Learning to walk in newness of life is not any easy task. By nature, we are sinners who naturally hate God and even our brother. In fact, the first murder was carried out by Cain who hated his brother, Abel. Our fallen inclination is to get even and get revenge on those who have done us wrong. We do not need to be taught to hate those who hate us or to hurt those who hurt us. It comes naturally. It is not natural to love those who hate us. It is not natural to love our enemies. Thus, God instructs us saying, “You shall not murder.”
We are warned about walking in our own way and being led astray from God. The Holy Spirit warns us, “Whoever says he is in the light and hates his brother is still in darkness” (1 John 2:9). And again, “Everyone who hates his brother is a murderer, and you know that no murderer has eternal life abiding in him” (1 John 3:15). Jesus warns us, “If you do not forgive others their trespasses, neither will your Father forgive your trespasses” (Matthew 6:15). In Christ, we are being taught to do something that does not come naturally.
Christ comes to do something supernatural. He is incarnate love. Yet, Christ was hated and murdered by His own brothers. Just as Cain killed Abel, the sons of Israel put Jesus to death on the cross. Instead of acting like sons of Abraham, they acted like sons of the serpent who was a murdered from the beginning. It was the devil who deceived Adam and Eve robbing them of their lives. In Christ, we are no longer sons of darkness but sons of Light, because Jesus is the Light (John 8:12). As we walk in the Light, the blood of Jesus covers us. The blood of Jesus speaks a better word than the blood of Abel (Hebrews 12:24). The blood of Jesus speaks forgiveness, salvation, and life. Jesus is our true Brother. He is our Keeper who supports us in our physical needs. More than that, He keeps us and supports in our spiritual needs. He comes to heal those who have been hurt and harmed in both body and soul.
As we learn “to fear, love, and trust in God above all things” (Small Catechism: 1st Commandment), we begin to appreciate all the great gifts that God gives to us and to others. He has given to us the gift of Himself, His Name, and His Word. Likewise, He has given to us the gift of our parents through which we receive the gift of life. Thus, we move our attention from the Fourth Commandment to the Fifth Commandment. We are starting to recognize that every good gracious gift comes from God. He establishes His order and institution for distributing these gifts and for retaining these gifts. “For all of this it is our duty to thank and praise, serve and obey Him” (Small Catechism: The Creed, 1st Article). Without Christ and the Holy Spirit we cannot begin to keep this Commandment. Christ stands as our High Priest to interceded for us and pour out the Spirit of Intercession upon us. We pray that God would enable us to forgive. We pray that God would give us our daily bread to help and support us in our physical needs. As God blesses us, we can bless others to help and support them in their physical needs.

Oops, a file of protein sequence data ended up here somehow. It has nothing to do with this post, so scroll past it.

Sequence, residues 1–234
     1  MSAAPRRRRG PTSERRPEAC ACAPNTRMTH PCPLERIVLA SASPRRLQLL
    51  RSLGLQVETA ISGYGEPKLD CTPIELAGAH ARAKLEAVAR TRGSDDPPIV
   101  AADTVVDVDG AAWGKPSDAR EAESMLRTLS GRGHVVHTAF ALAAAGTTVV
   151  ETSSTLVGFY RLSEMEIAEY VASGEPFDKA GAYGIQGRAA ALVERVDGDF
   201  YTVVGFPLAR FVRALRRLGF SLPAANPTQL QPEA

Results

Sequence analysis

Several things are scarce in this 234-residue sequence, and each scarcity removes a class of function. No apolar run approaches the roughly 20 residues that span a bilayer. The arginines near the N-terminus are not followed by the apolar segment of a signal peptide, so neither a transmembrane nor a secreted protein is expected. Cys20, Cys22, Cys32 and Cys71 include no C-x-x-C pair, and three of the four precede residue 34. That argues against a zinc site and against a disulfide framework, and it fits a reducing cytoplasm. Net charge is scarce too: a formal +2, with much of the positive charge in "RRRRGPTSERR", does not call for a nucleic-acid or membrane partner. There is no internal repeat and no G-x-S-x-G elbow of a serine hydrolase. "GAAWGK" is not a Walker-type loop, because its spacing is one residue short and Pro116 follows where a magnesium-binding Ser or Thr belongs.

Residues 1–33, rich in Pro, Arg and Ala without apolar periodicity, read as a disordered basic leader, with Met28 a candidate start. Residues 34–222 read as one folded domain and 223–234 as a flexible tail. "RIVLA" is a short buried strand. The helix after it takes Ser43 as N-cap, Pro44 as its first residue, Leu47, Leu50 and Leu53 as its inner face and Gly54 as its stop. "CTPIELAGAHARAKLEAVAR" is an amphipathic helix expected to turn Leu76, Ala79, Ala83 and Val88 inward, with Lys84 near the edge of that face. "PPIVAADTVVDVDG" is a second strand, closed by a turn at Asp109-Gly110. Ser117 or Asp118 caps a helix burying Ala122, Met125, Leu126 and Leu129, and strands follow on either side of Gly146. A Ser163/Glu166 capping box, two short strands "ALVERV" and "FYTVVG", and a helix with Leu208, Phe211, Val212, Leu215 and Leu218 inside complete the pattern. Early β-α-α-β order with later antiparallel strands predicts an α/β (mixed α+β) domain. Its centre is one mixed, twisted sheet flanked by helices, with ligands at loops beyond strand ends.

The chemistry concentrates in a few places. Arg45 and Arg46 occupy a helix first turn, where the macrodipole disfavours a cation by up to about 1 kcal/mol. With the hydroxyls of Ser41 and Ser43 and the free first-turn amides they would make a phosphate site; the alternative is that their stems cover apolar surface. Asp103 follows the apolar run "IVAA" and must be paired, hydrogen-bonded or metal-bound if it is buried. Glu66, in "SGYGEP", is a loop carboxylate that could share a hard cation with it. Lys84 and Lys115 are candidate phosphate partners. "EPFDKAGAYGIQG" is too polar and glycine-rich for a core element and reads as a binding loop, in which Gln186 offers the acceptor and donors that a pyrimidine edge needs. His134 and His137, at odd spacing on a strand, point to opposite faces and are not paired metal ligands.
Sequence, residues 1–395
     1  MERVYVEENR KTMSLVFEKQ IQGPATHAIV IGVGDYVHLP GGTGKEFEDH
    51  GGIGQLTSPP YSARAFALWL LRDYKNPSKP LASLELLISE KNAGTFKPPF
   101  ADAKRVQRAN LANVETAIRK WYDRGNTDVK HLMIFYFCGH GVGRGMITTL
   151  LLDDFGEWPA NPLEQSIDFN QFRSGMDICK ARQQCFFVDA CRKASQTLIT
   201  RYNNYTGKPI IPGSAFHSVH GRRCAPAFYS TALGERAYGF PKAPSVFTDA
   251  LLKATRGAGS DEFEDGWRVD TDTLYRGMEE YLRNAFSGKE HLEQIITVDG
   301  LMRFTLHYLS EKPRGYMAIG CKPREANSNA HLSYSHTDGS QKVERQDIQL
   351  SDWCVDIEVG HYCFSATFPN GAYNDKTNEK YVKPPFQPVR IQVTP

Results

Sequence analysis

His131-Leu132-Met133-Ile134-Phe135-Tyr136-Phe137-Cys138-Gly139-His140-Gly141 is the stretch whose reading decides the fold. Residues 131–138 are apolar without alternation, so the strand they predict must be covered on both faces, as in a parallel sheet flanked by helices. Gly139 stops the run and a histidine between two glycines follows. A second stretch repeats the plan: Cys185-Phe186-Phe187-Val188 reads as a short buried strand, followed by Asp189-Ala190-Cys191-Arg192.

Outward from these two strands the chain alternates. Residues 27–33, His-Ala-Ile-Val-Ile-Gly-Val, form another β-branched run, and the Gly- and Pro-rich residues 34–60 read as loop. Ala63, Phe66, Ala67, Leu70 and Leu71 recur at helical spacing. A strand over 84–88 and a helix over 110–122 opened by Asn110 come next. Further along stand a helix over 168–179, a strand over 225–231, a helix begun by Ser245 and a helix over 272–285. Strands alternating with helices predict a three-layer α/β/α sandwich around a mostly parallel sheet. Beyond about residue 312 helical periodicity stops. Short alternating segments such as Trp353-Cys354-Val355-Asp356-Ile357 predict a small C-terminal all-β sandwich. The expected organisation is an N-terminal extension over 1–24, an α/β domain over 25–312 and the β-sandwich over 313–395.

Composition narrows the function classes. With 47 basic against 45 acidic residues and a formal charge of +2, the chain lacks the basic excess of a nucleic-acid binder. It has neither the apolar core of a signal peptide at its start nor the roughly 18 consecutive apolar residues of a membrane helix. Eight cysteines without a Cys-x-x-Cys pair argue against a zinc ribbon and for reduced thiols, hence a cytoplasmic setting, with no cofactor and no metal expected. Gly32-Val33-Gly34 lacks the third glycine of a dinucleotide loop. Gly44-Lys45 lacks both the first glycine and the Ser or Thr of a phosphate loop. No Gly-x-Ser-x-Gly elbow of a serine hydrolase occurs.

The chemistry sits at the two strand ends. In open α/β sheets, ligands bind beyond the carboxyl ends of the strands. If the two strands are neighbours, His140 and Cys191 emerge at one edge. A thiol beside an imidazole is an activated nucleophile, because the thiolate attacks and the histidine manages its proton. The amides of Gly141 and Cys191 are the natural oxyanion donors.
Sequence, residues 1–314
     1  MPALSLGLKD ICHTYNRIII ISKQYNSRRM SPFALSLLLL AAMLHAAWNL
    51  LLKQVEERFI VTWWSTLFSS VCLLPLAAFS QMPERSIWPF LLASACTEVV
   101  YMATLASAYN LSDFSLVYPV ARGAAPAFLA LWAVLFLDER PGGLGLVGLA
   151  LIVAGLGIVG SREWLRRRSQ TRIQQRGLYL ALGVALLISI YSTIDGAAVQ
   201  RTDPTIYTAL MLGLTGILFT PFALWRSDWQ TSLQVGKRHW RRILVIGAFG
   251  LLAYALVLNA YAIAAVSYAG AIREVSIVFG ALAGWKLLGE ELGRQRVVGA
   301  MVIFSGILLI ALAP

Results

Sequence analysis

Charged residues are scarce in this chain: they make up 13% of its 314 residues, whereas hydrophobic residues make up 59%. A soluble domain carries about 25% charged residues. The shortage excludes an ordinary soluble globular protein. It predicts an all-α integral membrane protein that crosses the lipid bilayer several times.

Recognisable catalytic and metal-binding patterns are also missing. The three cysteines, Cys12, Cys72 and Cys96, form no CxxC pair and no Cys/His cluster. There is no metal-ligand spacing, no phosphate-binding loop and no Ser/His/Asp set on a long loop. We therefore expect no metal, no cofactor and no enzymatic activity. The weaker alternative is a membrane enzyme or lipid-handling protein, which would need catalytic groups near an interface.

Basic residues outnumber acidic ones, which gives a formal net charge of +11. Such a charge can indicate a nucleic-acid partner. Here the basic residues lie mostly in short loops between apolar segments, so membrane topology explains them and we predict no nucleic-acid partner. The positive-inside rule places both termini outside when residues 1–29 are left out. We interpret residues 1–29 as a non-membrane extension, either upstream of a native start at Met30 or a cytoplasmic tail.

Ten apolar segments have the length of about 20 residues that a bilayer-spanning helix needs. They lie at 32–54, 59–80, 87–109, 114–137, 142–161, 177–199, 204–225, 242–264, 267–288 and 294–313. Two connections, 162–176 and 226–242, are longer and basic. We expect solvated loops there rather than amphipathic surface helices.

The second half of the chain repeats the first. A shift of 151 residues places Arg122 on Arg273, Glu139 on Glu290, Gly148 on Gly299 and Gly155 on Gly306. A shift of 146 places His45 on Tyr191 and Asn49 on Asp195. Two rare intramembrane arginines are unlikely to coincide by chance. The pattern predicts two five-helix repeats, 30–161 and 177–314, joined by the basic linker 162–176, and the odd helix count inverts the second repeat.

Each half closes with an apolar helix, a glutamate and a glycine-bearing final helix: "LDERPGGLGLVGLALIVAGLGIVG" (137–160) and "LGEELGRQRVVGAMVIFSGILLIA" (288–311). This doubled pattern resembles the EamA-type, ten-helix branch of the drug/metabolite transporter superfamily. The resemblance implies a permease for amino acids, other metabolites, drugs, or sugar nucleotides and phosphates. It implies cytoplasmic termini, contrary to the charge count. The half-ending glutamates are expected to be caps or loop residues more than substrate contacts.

They say that the teenage years are the best years of one’s life. Well, that’s what people say. In reality the teenage years can be some of the most difficult and challenging years of one’s life. Teens hurt and harm each other faster than they can text each other. Who wants to be hurt or harmed? Who wants to be hated or harassed? As we are instructed to walk in God’s way, we begin to understand the golden rule. We do unto others as we want them to do unto us. Let’s face it, a friend today might become a frenemy tomorrow. Even worse, a BFF tomorrow might become a foe the next day. Even worse than that, a member of the youth group, a fellow brother or sister in Christ, might do something that causes you to stew and brew inside with disgust and dislike. The teenage years are filled with antagonists, bullies, backstabbers, and haters. Haters gonna hate. Sinners gonna sin.
However, the forgiven gonna forgive. While we were still sinners, Christ died for us (Romans 8:5). While we were still enemies, we were reconciled to God by the death of His Son. In Christ, we are learning not to hate, hurt, or harm our neighbor. In Christ, we are beginning to resist the temptation to sin and starting to forgive those who sin against us. In Christ, we are instructed to let the hatred go. By the power of the Gospel, the Holy Spirit leads us as beloved children to be imitators of God (Ephesians 5:1). We are learning to be kind to one another, tenderhearted, and forgiving as God in Christ forgives us (Ephesians 4:32). We are being taught to walk in love, as Christ loved us and gave Himself up for us (Ephesians 5:2).
God is life. God’s Word gives life. Life is a gift from God. In the Fifth Commandment, we first recognize that God gives life, and then we rejoice in the gift of life. In this Commandment, the gift of life is to be preserved. God has given the gift of life to us and to others, even our enemies. As baptized children of God, we desire to help others keep the gifts that God gives to them.
Rev. Brian L. Kachelmeier serves as pastor at Redeemer Evangelical Lutheran Church, Los Alamos, NM
Created: June 2nd, 2017